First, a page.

I trained and worked as an NHS psychiatrist over the last 25 years within the North West and now work independently as an EMDR practitioner treating fee paying adults over the age of 18 years.
I am accredited in my work by EMDR Europe and can be found on the practitioner's list of the EMDR Association UK - My work is supervised by an accredited EMDR Consultant.
I have a licence to practice from the General Medical Council [G.M.C.] and am a member of the Independent Doctor's Federation [ I.D.F.] who are responsible for my yearly appraisal.
For my previous service to mental health services, I am a Fellow of the Royal College of Psychiatrists.
There is a confusing range of possible types of therapy available .
All types of therapy are dependent on a relationship between therapist and client within which the client feels safe to open up and supported in their distress.
EMDR sits in a group of therapy types that addresses the roots of a client's present distress. It has the advantage of linking thoughts, emotions with bodily sensations where traumatic memory is stored.
A client can expect a professional relationship within which confidentiality is respected.
Further expectations would be for a client to gain an awareness of a beneficial process that they are engaged in, and feel prepared for the closing down of the relationship.
EMDR facilitates a shift in brain networks [Adaptive information processing], so that trauma is felt in the past. Adaptive information processing allows a change of perspective with regard to the person s negative beliefs about themselves in relation to the trauma . Once past and present trauma has been addressed in this way , EMDR is used to strengthen brain networks so that future threats currently causing anxiety feel more manageable .
When a human being is exposed to threat, networks of brain cells are activated so that person can act to protect themselves from harm .
This emergency response means that a human being will either overcome the threat or run away [fight or flight] , or freeze [ no visible response , so the threat goes away .]
If an emergency response was not possible in these ways or the threat did not go away , these networks are reactivated in the present each time there is a potential threat , direct or indirect [ e.g. watching threatening content on t.v. ] .This is why the trauma of the past is still experienced as if it is still happening now , causing distress.
A person may experience overwhelming reexperiencing of the trauma [flashbacks] , intrusive memories or negative beliefs about themselves , images and feelings or an absence of feeling .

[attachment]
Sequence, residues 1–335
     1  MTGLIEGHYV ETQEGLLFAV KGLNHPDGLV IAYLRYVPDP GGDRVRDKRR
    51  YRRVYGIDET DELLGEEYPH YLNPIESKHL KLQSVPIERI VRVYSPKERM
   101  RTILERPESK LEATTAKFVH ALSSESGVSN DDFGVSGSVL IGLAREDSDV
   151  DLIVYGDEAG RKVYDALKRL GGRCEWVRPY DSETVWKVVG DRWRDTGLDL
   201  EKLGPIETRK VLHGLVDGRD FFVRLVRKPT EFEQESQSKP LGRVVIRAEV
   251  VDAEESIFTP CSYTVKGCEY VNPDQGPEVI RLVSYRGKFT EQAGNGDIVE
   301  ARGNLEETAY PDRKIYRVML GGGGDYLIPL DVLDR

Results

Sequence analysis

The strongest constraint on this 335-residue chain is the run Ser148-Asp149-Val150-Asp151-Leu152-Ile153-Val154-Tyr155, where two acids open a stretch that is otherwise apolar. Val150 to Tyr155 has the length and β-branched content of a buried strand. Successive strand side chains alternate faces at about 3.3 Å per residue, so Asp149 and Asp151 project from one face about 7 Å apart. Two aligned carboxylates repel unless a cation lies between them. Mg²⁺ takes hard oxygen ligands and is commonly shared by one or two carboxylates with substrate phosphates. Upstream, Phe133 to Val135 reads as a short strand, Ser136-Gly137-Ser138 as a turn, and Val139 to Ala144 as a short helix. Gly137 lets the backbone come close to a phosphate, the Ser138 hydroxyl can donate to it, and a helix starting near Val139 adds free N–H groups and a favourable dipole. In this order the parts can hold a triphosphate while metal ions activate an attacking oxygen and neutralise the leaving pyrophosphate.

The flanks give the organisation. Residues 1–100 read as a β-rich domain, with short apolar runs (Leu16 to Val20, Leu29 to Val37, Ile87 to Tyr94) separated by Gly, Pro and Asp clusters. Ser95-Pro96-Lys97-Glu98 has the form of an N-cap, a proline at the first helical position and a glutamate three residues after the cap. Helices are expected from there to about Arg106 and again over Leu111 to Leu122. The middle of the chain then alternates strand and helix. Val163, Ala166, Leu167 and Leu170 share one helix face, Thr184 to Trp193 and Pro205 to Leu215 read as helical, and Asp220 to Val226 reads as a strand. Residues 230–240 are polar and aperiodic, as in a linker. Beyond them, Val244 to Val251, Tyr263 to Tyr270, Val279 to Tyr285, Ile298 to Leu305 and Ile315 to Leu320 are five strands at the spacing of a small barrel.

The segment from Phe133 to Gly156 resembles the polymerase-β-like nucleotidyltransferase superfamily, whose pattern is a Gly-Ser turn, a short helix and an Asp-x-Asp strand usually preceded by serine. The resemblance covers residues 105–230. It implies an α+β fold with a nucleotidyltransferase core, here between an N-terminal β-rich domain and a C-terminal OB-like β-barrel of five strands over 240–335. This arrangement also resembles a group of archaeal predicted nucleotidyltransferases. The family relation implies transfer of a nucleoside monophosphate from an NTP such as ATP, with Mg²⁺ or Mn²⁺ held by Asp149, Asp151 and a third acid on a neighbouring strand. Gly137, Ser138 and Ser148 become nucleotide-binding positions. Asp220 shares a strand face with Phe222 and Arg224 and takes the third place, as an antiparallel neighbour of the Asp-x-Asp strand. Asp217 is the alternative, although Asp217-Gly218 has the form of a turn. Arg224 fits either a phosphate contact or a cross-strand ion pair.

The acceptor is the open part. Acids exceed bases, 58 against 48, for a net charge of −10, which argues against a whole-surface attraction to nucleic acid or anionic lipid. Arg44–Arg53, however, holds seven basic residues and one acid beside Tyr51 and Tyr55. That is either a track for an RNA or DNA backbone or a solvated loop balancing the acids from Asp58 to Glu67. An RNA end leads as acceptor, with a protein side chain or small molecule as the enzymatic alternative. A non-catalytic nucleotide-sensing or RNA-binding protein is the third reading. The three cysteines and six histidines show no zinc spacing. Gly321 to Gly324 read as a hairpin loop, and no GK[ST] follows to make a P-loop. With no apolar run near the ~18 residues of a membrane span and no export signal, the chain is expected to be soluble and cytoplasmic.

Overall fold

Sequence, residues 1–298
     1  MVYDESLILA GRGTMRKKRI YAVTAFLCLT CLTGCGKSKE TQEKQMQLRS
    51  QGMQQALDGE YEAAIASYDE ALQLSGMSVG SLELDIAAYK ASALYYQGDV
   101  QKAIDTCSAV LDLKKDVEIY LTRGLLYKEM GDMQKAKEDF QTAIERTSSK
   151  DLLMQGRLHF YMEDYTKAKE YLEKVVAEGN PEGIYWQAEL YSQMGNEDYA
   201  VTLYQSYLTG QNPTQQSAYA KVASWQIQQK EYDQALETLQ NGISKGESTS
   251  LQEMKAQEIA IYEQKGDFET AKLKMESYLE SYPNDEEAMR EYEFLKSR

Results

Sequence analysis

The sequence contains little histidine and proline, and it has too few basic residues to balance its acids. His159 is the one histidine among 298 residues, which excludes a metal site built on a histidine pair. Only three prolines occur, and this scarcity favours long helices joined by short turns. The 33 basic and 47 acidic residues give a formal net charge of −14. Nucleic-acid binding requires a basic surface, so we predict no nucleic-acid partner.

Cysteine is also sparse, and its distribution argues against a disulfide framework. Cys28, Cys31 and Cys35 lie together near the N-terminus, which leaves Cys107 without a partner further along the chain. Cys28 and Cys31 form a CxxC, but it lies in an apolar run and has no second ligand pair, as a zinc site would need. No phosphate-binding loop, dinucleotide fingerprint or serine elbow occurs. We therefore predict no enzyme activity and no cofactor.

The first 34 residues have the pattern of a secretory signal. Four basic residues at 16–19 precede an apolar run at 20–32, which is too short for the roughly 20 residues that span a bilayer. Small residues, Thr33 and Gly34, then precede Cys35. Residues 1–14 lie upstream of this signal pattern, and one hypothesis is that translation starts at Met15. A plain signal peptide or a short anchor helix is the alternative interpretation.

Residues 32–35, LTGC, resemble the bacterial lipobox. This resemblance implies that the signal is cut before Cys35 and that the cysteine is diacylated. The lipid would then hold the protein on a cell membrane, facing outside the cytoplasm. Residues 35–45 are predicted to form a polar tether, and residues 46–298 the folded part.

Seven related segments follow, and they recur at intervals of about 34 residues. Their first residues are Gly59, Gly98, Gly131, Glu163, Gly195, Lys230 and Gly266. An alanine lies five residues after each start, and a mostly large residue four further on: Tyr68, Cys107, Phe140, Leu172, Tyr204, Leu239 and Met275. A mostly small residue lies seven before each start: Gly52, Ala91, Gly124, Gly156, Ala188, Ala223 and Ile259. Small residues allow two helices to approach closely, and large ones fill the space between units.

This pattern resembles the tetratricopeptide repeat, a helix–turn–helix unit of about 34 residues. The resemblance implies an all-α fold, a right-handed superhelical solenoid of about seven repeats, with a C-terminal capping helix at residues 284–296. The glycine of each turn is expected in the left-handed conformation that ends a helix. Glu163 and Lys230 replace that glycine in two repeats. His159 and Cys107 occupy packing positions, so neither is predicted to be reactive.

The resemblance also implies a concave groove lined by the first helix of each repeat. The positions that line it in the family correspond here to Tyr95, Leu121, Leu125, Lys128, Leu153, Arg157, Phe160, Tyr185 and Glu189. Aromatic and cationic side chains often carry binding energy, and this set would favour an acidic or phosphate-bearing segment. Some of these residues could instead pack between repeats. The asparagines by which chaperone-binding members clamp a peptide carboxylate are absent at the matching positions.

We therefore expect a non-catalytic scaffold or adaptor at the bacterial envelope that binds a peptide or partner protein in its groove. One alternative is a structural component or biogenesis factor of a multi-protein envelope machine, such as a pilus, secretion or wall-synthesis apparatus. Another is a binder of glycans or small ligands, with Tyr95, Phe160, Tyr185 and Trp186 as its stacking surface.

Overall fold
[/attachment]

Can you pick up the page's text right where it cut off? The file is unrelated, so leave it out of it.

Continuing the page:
An absence of feeling because of shut down causes distressing emotional numbness and lack of connection with self and others [Dissociation] . Overwhelming feelings can change abruptly and be experienced as mood swings or difficulty with emotional regulation . Intense feelings of fear, anger , anxiety and sadness are normal .
A common way to cope with this is to avoid potential threats [avoidance] , the result being that a person can become isolated . It is common for trauma to lie at the root of anxiety and depression and for the experience of mental illness to be a traumatising experience in itself.
A single over whelming event such as an accident or being a victim of crime.
Repeated trauma such as being bullied in the school playground.
Multiple over a period of time
Bullying and harassment
Being a military veteran
Working for an emergency service
Personal and Professional impact of Covid-19
Childhood adversity ; neglect , physical,emotional & sexual abuse
Victim of crime
Relationship break up
Physical or mental illness
Losing a job
The experience of trauma in the past goes some way to explaining why one person may struggle to cope with current potentially traumatic events , whereas another person may get through without being traumatised . The common reality for a person who seeks help is yet another event which tips the balance negatively in their ability to cope.
EMDR Help offers 1 Hour sessions at a mutually convenient time, both online and face to face, with evening sessions sometimes possible. There is increasing evidence that online video consultation is as effective as face to face consultation
Sessions are normally once a week although can be held twice a week if needed.
I do not charge for the first consultation so that you can make a decision whether you feel that I may be the right therapist to help you.
On average, a single trauma might take around 5 sessions and more complex trauma 10-12 sessions;
If E.M.D.R. is not suiting you, I would discuss a referral to other sources of help and support